Monday, April 29, 2013
Century Media Records/E.M.I. Music Australia
If anything, I’ve always considered Glasgow (Scotland) based act Bleed From Within as a competent melodic deathcore outfit. Their two E.P.’s (2006’s ‘In The Eyes Of The Forgotten’ and 2007’s ‘Welcome To The Plague Year’) and their two full-length efforts (2009’s ‘Humanity’ and 2010’s ‘Empire’, both of which were released through Rising Records) were solid and likeable slabs of modern deathcore, but nothing truly groundbreaking or unique enough to make the band stand out as doing anything different from the deathcore scene’s leaders.
So when Bleed From Within’s latest effort ‘Uprising’ came across my desk, I can’t say that I was expecting anything too different from what they had delivered a couple of times already in the past.
Armed with a new line-up (Ex-Trigger The Bloodshed guitarist Martyn Evans joined vocalist Scott Kennedy, guitarist Craig ‘Goonzi’ Gowans, bassist Davie Provan and drummer Ali Richardson in 2011) and joining the mighty Century Media Records roster for their new album, it’s clear that Bleed
From Within have made some attempts to shake up the formula, which has resulted in an album that’s clearly a step up from anything they’ve offered in the past.
The album is opened up with a short ‘djent’ sounding instrumental piece entitled ‘III’, which eventually flows through into the follow-up track ‘Colony’. It’s on this track where you can hear the changes Bleed From Within have made to their sound. The melodic aspect of the band’s song writing has been given a little more emphasis, but not at the expense of Kennedy’s familiar caustic screams and growls. Elsewhere, the band seem to have focussed on delivering some impressive riff structures, and dispensed with many of the breakdowns that seemed to overwhelm their past efforts. Lastly, the production and mix on ‘Uprising’ is easily the best the band have had on any of their albums, which is a good thing. ‘Colony’ isn’t anything particularly new, but then it’s easily the best song Bleed From Within have written and recorded to date.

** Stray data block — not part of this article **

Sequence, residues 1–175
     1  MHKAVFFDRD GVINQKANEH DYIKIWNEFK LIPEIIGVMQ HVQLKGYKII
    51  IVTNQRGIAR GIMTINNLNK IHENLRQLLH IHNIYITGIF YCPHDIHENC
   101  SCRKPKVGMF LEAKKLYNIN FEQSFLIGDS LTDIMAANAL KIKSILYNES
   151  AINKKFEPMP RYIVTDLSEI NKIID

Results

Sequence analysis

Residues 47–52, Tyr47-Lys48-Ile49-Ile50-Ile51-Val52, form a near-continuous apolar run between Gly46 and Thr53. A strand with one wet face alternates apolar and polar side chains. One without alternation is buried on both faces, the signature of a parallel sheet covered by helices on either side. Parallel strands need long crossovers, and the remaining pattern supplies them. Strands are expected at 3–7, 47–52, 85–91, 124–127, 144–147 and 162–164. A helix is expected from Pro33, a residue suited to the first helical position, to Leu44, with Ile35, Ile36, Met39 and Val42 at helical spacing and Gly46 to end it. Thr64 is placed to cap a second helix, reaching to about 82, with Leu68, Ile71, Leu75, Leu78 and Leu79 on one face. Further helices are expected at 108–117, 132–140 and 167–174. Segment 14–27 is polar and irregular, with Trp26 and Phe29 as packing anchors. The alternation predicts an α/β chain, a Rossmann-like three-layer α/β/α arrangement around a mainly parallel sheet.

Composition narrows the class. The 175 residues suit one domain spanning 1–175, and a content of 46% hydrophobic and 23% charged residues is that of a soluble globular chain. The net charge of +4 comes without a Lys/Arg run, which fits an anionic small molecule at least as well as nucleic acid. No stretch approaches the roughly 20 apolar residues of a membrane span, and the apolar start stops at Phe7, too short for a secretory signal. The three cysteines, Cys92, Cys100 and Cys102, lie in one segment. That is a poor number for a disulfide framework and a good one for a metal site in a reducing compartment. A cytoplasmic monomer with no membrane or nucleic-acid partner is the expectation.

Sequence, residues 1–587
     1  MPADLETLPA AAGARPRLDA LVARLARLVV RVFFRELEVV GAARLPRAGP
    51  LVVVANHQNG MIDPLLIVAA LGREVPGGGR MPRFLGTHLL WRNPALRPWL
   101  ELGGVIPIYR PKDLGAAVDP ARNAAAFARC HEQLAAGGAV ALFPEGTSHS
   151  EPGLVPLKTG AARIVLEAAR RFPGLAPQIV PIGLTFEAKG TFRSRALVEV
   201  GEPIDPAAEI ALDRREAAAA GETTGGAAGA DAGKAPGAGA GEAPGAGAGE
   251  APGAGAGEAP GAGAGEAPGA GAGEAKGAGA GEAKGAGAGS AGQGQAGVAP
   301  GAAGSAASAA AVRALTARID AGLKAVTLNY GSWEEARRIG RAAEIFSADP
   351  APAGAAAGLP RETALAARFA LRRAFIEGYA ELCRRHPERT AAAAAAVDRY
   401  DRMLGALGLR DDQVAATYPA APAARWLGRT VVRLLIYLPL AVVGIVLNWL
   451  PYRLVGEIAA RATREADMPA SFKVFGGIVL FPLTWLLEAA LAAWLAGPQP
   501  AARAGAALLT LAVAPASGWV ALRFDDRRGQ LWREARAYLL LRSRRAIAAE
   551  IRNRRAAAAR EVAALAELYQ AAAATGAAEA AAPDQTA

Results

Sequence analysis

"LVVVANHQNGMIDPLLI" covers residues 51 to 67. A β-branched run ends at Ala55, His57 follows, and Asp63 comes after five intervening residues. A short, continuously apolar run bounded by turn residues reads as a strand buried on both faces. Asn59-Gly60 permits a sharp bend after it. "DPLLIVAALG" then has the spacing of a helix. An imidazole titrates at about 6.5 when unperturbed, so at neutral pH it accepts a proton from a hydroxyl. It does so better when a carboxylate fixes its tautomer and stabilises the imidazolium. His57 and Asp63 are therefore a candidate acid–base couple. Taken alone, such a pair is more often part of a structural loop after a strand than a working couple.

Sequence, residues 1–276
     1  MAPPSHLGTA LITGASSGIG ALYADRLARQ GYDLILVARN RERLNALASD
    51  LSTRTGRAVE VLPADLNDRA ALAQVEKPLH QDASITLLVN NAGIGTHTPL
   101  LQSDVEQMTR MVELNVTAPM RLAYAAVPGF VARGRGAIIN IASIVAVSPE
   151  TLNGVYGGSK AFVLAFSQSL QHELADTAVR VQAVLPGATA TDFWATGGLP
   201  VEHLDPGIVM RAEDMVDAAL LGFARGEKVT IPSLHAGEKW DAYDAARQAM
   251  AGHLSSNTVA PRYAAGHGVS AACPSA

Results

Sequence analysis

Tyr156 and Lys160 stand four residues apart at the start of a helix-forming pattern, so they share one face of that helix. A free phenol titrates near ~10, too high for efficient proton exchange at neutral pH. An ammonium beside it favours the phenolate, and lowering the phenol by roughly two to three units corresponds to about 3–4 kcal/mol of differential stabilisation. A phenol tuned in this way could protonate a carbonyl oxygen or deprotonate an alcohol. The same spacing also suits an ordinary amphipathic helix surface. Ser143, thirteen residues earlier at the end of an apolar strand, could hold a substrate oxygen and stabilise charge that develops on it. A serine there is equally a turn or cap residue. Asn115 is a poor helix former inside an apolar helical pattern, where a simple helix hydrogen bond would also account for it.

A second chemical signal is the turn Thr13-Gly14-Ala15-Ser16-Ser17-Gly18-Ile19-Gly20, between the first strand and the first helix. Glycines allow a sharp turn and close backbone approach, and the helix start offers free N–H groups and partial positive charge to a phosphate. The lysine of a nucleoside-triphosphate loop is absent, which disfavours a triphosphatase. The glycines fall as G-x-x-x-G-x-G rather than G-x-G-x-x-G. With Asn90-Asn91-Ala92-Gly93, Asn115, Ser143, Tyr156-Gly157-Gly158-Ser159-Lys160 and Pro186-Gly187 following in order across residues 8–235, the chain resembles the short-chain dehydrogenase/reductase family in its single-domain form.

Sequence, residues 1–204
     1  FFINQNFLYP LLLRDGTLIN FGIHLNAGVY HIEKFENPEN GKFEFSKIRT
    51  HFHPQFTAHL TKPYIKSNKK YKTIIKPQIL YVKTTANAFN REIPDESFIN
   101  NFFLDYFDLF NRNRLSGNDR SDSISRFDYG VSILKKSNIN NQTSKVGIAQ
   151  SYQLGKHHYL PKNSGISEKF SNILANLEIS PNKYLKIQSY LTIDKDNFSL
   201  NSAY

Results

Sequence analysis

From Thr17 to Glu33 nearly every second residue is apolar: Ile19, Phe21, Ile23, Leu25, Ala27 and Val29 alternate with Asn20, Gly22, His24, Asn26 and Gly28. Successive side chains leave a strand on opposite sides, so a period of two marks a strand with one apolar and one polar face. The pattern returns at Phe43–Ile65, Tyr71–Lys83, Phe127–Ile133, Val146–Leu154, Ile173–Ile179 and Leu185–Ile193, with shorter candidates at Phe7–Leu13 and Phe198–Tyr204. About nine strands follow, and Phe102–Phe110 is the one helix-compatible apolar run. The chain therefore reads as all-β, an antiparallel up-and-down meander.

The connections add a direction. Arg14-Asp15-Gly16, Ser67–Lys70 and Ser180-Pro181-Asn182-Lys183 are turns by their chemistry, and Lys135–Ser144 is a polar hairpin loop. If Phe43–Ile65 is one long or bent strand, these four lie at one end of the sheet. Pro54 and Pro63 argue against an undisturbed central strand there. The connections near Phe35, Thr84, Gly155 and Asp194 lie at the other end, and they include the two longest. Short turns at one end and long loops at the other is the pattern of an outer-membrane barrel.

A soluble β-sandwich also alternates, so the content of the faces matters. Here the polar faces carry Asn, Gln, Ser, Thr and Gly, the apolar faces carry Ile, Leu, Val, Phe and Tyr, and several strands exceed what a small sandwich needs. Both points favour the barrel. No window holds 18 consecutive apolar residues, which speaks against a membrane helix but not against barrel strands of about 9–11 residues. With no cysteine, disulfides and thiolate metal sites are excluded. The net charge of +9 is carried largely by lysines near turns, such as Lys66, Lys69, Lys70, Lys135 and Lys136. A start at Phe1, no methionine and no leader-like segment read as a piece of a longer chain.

‘It Lives In Me’ (Which was released as a single in September 2012) is perhaps one of the album’s more daring sounding tracks with its mix of atmospheric passages and straight ahead aggressive moments, while ‘Escape Yourself’ and ‘Leech’ are without a doubt the most punishing and aggressive efforts on the album.
Elsewhere, ‘I Am Oblivion’ and ‘Devotion’ help give the album a little more diversity with their slower tempos, which serve to emphasise the intensity of tracks such as ‘Our Divide’ (Which is preceded by the short instrumental piece ‘Speechless’), the title track ‘Uprising’ and ‘The War Around Us’ (Which features a guest vocal appearance from Cancer Bats/AxeWound front man Liam Cormier).
In the past, Bleed From Within weren’t so much a terrible act, but more like an outfit that seemed to mimic those who came before them. But with ‘Uprising’, the Scottish act have managed to shake off comparisons to the likes of Bring Me The Horizon, Carnifex and As I Lay Dying to emerge with a sound that’s a little more of their own making.
Overall, what ‘Uprising’ lacks in originality, it more than makes up in sheer listening enjoyment. Bleed From Within have finally taken the long overdue step up, and the results are worth the time checking out.
For more information on Bleed From Within, check out - http://www.facebook.com/bleedfromwithinband
© Justin Donnelly
Posted by Justin Donnelly at 3:32 PM
Above (Deluxe Edition)
Columbia Records/Sony Music Entertainment
When the grunge rock scene exploded in the early ‘90’s, all eyes were on Seattle (Washington, U.S.). It was an exciting time, and while grunge’s reign on the rock scene was brief, it produced some truly great bands. But for all of the big names that emerged out of the Seattle scene, one that failed to go onto true greatness was the short lived supergroup Mad Season.
On paper, Mad Season was almost a sure bet for success, with its members including Layne Staley (Alice In Chains vocalist), Mike McCready (Pearl Jam/Temple Of The Dog guitarist), John Baker Saunders (The Lamont Cranston Band bassist) and Barrett Martin (Screaming Trees drummer). And sure enough, when the band released their debut full-length effort ‘Above’ in 1995, the album was a huge commercial success.